Inverters, which convert DC power from panels to AC power for your home, typically last 10-15 years. When inverters fail, they will need replacement, costing $500-$2000. Other equipment may also need maintenance or replacement over time, like batteries, charge controllers, and wiring connections. Inspect these components regularly per the manufacturer’s recommendations. Overall, expect to budget around $300-$700 per year for solar maintenance costs depending on system size.

Home Value

Installing solar panels can significantly increase a home’s value. According to a recent study by Zillow, homes with solar panels sold for 4.1% more on average than comparable homes without solar. The increase in home value varies based on location, but solar is generally seen as a desirable upgrade.

For many home buyers today, energy efficiency and sustainability are top priorities. Solar panels demonstrate a homeowner’s commitment to clean energy and can reduce or eliminate monthly electricity bills. This makes solar panels an extremely appealing feature when selling a home in competitive housing markets.

Upgrading to solar signals that a home is modern and upgraded. Solar panels are a tangible upgrade that buyers are often willing to pay a premium for. Like a remodeled kitchen or new pool, solar adds real value by improving the home’s amenities.

Additionally, solar panels are eligible for the 26% federal tax credit through 2032, so buyers can enjoy significant savings on the original solar investment. With solar energy costs continuing to fall, solar power offers homeowners long-term savings and insulation from rising utility rates.

For all these reasons, investing in solar panels is likely to pay off in a higher sale price when it comes time to sell. Solar adds to curb appeal and can make a decisive difference for buyers choosing between comparable homes.

Net Metering Policies

Net metering allows solar panel system owners to sell any excess electricity they generate back to the utility grid. This provides a credit on their energy bill for power produced but not used. According to the Solar Energy Industries Association (SEIA), net metering is a billing mechanism that credits solar energy system owners for the electricity they add to the grid.

Net metering policies can vary significantly by state. In some states like California, net metering credits roll over indefinitely. However, in other states like Indiana, excess credits are wiped out at the end of each billing cycle. Customers in states with less favorable net metering policies may find it takes longer to recover the upfront costs of installing solar panels through energy bill savings.

When considering solar, it’s important to understand the net metering policies in your area. Resources like the DSIRE database provide details on state net metering rules. The most favorable policies allow indefinite roll over of credits at the full retail electricity rate. Less advantageous policies may limit credit rollovers or compensate at reduced wholesale rates.

Future Outlook

The future of solar technology looks promising with predictions of rapid growth and cost declines. According to the Energy Systems Integration Group, the annual global photovoltaic market is projected to grow at an annual average rate of 24% between 2020 and 2030, going from over 115 GW in 2020 to over 930 GW in 2030 (IEA, Solar PV). This rapid growth is expected to come with cost declines of up to 15–35% by 2025 compared to 2020 costs (MIT, The Future of Solar Energy).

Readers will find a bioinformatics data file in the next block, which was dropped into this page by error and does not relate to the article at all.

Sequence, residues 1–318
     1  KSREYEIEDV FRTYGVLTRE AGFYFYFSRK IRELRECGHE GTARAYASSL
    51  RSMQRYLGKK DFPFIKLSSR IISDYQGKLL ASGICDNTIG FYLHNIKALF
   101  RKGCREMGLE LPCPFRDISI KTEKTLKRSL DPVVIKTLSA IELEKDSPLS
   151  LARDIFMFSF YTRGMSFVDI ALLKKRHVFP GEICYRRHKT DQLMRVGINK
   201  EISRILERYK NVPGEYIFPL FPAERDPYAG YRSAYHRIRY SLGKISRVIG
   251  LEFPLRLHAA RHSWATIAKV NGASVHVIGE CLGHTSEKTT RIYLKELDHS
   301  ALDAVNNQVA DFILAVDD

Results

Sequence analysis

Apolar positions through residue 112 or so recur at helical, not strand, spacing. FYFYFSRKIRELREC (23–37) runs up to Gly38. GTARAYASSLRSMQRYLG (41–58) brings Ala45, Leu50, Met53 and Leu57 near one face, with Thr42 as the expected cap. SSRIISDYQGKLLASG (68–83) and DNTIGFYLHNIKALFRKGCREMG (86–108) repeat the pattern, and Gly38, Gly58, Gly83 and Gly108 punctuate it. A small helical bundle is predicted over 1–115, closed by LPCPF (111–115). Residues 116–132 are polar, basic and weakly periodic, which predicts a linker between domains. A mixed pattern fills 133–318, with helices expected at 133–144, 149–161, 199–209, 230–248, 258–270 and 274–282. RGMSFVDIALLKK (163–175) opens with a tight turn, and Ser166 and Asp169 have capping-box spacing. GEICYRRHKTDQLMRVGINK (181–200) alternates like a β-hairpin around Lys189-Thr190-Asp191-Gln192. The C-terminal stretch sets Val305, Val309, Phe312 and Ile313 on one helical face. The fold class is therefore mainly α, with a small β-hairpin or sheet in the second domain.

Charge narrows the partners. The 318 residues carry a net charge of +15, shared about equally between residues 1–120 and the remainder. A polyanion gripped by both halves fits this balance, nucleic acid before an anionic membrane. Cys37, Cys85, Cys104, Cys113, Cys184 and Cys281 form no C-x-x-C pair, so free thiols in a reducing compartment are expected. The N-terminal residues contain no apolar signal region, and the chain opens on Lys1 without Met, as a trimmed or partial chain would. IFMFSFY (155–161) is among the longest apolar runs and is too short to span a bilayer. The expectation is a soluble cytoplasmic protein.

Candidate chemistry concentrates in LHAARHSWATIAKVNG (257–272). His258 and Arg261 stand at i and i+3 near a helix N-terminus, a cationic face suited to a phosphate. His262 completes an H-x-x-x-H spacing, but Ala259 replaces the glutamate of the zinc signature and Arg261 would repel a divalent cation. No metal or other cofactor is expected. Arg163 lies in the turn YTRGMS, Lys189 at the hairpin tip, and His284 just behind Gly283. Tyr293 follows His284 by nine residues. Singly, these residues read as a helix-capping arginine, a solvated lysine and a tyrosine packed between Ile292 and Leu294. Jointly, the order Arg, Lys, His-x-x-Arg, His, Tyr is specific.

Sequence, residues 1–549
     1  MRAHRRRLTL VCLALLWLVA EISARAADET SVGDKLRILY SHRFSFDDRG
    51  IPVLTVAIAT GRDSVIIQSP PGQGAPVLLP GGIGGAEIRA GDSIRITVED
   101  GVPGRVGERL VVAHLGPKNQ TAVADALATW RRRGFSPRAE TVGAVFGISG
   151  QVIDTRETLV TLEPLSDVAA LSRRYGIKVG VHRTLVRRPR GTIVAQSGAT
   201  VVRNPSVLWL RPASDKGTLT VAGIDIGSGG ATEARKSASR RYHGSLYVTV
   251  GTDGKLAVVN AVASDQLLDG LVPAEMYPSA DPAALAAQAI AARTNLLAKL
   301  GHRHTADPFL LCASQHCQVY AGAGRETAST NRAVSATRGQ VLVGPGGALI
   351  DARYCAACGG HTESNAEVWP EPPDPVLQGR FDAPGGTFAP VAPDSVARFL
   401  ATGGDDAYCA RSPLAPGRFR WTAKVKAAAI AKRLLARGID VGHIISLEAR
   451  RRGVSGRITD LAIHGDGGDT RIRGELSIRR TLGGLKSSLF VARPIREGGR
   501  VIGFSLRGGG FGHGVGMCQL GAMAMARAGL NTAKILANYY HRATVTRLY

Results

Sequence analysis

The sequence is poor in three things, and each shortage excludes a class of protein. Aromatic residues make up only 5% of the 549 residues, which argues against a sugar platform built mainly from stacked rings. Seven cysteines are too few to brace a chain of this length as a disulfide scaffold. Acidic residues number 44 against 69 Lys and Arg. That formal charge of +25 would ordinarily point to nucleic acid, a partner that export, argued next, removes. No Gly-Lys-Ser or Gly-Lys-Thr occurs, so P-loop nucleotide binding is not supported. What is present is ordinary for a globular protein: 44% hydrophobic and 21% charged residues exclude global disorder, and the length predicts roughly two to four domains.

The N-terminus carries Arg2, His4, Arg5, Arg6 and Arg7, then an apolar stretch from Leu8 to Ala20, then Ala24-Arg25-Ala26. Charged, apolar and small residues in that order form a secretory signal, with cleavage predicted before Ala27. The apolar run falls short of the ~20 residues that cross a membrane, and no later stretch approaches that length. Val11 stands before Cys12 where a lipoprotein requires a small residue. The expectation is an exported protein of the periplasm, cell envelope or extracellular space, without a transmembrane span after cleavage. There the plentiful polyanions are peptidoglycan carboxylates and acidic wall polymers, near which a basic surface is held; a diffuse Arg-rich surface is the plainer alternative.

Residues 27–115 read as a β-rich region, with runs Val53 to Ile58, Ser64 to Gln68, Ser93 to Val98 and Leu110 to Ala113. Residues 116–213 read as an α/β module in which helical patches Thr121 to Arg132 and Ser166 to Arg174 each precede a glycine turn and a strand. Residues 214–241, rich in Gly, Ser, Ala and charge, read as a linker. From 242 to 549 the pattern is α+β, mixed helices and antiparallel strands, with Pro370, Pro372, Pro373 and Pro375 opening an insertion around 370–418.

Efficiency improvements in solar panels will also contribute to growth and cost reductions. The National Renewable Energy Lab (NREL) forecasts solar panel efficiency can reach up to 47% by 2050, an increase from around 20% today. This will enable more electricity generation from the same solar installation footprint (NREL, Building a Solar-Powered Future). Overall, continued declines in solar costs coupled with efficiency improvements will drive rapid expansion of solar energy and make it an increasingly cost competitive renewable electricity source.


In conclusion, there are several factors to consider when deciding if solar is worth it now. We’ve looked at the decreasing costs of solar panels and favorable payback periods in many areas. The environmental benefits of solar energy are clear, reducing reliance on fossil fuels. Going solar provides energy independence and stability from the grid. While solar requires some maintenance, it can also increase a home’s value. Net metering policies make solar more affordable but they are changing in some regions. The future outlook for solar remains strong with improving technology and incentives.

So is solar worth it now? For most homeowners, the answer is yes if you have a suitable roof and adequate sunlight. The payback period continues to drop, making solar a smart long-term investment. With solar incentives still available and panel prices declining, now is a great time to go solar before policies change. The environmental and independence benefits are icing on the cake. While solar may not make sense everywhere yet, the verdict is clear that for many homeowners, solar is certainly worth considering today.

Similar Posts